Bosch Wants to Speed Up AR Adoption in the Auto Industry
While there are many uses for augmented reality in the automotive industry, adoption has been slow. With the plethora of makes and models on the road today and rolling off assembly lines tomorrow, developing and deploying knowledge bases that utilize augmented reality to dealerships and garages can be costly and difficult to scale.
Bosch Automotive Service Solutions has proposed an answer with its Common Augmented Reality Platform (CAP), which gives automakers an interface for writing, editing, and publishing AR content for iOS, Android, and Windows.
"CAP is a production ready platform that provides the tools to enable a technical author, not a programmer, to develop and manage AR content efficiently. It also provides for an effective management and delivery of large and variable data sets, and includes a highly optimized GUI and runtime client for delivery to the end user," said Rob Butz, the director of business development for the technical information services segment at Bosch Automotive Service Solutions, in an email interview with NextReality.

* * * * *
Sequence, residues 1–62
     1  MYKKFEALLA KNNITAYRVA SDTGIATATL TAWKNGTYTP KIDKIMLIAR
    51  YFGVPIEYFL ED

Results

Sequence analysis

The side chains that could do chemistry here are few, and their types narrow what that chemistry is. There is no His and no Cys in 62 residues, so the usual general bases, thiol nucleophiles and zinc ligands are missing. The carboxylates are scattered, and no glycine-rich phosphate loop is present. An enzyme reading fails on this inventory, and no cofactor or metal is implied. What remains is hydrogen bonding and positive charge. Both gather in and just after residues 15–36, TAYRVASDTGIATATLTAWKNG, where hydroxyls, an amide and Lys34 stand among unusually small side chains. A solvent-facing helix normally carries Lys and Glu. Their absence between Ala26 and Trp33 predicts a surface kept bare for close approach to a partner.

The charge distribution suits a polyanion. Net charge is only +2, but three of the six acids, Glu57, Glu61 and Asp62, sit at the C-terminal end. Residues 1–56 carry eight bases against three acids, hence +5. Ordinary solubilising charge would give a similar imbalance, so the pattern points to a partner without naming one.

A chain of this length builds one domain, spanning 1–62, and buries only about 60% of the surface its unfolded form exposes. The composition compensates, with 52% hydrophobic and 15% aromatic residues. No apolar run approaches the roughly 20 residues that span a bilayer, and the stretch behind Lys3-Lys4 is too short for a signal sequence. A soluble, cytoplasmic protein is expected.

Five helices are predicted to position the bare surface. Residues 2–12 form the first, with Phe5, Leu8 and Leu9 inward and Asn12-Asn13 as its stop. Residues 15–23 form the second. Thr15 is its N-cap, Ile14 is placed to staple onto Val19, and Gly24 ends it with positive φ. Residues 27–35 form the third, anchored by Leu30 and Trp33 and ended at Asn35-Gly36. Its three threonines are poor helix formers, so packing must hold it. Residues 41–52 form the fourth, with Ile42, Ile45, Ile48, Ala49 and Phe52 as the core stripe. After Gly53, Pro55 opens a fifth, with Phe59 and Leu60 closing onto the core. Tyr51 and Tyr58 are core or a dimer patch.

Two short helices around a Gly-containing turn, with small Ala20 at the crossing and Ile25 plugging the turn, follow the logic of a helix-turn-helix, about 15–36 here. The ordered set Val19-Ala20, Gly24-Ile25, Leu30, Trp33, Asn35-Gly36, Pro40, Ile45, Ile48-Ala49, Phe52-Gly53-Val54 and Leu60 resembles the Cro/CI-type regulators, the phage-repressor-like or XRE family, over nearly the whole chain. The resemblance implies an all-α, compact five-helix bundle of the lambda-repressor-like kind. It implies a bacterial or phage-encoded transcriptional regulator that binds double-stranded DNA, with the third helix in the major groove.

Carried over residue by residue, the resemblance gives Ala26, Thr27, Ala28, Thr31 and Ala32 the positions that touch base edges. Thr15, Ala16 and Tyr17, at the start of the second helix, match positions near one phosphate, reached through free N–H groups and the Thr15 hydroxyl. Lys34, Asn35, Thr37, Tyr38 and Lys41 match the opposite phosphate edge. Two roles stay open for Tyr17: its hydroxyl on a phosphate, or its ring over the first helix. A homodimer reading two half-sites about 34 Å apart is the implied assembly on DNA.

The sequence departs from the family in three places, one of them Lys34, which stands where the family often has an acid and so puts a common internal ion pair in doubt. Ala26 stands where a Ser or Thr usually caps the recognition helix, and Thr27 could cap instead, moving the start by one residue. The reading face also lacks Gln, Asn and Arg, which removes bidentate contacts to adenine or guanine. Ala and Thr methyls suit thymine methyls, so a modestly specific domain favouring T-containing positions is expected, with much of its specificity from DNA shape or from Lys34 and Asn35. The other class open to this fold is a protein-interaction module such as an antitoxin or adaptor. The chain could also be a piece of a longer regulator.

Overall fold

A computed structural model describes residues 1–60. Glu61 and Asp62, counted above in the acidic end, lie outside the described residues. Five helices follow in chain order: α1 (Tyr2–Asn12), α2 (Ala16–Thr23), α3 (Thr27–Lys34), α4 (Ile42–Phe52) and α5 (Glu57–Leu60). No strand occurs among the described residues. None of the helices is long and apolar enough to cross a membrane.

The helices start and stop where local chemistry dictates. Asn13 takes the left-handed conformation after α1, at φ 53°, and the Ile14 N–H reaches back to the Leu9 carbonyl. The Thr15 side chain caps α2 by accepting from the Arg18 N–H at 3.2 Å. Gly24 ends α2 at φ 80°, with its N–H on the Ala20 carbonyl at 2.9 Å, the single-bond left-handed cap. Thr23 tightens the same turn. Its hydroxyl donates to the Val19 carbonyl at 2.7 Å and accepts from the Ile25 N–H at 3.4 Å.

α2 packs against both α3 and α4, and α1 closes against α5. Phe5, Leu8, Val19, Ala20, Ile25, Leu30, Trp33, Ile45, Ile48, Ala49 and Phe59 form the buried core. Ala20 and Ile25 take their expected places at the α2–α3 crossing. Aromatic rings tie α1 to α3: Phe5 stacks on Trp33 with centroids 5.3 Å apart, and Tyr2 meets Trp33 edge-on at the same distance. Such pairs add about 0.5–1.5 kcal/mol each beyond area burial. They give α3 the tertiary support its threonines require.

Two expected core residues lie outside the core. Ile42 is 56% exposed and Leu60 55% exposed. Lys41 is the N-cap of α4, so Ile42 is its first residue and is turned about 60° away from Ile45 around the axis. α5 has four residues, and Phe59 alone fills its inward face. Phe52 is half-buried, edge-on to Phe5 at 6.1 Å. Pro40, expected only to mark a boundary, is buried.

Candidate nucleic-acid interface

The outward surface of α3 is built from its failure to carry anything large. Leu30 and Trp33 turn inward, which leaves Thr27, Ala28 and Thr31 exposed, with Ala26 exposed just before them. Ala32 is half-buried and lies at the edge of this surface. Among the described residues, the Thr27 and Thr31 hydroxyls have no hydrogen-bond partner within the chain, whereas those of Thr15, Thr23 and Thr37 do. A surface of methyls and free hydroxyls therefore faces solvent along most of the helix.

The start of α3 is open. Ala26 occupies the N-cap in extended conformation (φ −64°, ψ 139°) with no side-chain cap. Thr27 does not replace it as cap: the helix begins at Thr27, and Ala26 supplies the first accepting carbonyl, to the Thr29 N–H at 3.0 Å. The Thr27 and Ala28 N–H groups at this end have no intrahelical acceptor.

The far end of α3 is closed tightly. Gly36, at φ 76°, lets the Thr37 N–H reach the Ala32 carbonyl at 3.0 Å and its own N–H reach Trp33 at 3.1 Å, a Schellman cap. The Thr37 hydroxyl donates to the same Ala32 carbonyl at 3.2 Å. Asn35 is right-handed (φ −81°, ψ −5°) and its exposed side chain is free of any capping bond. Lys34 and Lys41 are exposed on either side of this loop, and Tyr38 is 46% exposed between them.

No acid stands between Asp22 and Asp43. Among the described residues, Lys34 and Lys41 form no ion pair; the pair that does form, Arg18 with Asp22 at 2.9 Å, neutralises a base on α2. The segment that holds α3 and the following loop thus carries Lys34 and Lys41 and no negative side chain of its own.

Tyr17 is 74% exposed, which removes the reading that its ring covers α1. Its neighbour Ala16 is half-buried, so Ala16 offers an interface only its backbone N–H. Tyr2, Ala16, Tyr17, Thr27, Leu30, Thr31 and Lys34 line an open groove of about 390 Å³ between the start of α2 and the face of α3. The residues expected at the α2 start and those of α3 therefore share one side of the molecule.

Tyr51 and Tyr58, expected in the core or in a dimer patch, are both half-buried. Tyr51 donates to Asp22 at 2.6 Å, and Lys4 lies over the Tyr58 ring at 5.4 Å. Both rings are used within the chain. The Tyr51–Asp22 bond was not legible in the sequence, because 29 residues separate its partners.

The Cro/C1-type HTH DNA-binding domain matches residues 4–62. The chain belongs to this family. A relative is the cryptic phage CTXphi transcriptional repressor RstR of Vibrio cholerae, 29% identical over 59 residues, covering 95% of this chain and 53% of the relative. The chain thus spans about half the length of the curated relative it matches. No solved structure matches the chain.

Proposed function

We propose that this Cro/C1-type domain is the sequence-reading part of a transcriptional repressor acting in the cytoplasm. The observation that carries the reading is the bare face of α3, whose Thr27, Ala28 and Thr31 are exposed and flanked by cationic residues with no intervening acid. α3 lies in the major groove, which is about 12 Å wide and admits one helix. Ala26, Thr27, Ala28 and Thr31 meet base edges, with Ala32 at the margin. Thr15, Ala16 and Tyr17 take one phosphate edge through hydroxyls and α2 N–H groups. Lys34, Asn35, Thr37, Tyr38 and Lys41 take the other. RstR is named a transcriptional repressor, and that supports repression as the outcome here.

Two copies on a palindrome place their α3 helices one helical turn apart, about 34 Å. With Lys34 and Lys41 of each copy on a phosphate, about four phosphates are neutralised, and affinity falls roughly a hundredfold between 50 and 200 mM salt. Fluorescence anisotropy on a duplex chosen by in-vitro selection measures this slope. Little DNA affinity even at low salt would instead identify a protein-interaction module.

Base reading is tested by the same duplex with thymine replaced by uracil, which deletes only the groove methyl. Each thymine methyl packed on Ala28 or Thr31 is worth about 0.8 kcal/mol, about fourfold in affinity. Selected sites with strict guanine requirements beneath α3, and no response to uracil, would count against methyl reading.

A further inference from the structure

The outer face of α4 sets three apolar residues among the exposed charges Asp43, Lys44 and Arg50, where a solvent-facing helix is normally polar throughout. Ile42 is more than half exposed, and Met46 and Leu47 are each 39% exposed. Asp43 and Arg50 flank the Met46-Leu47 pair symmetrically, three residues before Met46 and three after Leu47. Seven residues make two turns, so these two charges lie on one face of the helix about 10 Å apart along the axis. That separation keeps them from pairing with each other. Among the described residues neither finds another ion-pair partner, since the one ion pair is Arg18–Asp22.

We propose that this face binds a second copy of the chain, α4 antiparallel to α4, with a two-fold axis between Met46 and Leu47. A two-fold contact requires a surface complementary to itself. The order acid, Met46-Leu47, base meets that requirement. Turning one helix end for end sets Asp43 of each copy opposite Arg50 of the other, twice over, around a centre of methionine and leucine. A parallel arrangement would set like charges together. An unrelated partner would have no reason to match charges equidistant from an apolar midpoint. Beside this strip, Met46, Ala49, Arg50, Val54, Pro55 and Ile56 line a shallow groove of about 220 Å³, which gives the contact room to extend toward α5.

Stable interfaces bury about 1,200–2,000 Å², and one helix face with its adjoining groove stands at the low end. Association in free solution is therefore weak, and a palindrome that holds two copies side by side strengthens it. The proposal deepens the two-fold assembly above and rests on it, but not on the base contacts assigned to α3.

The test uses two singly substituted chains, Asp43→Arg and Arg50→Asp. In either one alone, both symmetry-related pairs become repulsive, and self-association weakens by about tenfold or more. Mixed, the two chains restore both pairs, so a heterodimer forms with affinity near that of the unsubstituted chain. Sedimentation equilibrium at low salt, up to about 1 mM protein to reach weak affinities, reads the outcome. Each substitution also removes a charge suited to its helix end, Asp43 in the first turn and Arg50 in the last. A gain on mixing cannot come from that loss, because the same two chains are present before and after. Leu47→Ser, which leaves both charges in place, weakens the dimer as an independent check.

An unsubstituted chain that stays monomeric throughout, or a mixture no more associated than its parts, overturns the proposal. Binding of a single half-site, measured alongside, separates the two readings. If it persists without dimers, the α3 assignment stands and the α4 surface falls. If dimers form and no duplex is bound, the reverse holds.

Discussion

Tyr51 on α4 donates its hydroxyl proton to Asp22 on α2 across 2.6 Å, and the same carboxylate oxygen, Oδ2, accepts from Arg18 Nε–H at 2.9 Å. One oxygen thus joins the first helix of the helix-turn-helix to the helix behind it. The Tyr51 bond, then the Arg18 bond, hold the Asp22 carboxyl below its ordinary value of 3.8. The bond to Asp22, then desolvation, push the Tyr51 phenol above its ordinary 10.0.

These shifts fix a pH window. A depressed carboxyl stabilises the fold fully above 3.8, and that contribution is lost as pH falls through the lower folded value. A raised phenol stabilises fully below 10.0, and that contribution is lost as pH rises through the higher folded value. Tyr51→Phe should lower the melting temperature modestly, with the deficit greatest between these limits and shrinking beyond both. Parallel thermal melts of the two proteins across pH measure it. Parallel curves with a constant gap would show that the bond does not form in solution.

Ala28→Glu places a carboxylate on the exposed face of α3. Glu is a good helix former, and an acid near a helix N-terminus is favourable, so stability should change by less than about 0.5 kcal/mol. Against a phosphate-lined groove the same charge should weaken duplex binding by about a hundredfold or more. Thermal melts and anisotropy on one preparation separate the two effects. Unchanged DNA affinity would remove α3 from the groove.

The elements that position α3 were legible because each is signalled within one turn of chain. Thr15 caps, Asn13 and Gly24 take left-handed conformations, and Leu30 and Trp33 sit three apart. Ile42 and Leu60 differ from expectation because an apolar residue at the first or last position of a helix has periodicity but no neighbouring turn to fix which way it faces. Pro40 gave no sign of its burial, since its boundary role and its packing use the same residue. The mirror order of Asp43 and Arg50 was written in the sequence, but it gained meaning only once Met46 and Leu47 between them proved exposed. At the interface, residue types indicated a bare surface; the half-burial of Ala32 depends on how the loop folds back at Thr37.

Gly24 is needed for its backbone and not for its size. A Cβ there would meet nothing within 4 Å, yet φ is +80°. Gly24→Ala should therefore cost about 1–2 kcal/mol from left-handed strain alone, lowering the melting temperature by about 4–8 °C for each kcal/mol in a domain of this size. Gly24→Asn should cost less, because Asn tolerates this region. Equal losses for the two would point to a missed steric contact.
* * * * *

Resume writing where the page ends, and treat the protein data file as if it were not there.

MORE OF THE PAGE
One area where augmented reality can introduce improvements for the auto industry comes in the service arena. Visualizing the complex internals of modern vehicles can help technicians diagnose repairs more quickly and efficiently.
As an example, integrating AR with diagnostics will provide the ability to augment the location of connectors and wiring harnesses and associate them with a specific diagnostic trouble code. It would eliminate the need for a technician to search through a manual and then have to transfer that written knowledge to the vehicle. With AR, it's right in front of them, visually.
Besides maintenance, AR has several other use-cases for the auto industry, including operator's manuals and product information for customers, and sales and marketing collateral for dealerships.
Today, few dealerships have adopted AR outside of proof-of-concepts for specific models, though Bosch expects adoption to increase over the next few years.
"As with any new technology, the introduction of AR will take some time to gain full acceptance. There are also more improvements yet to come in the tracking technologies and the hardware," said Butz.
How else do you envision AR improving the auto industry? Let us know in the comments.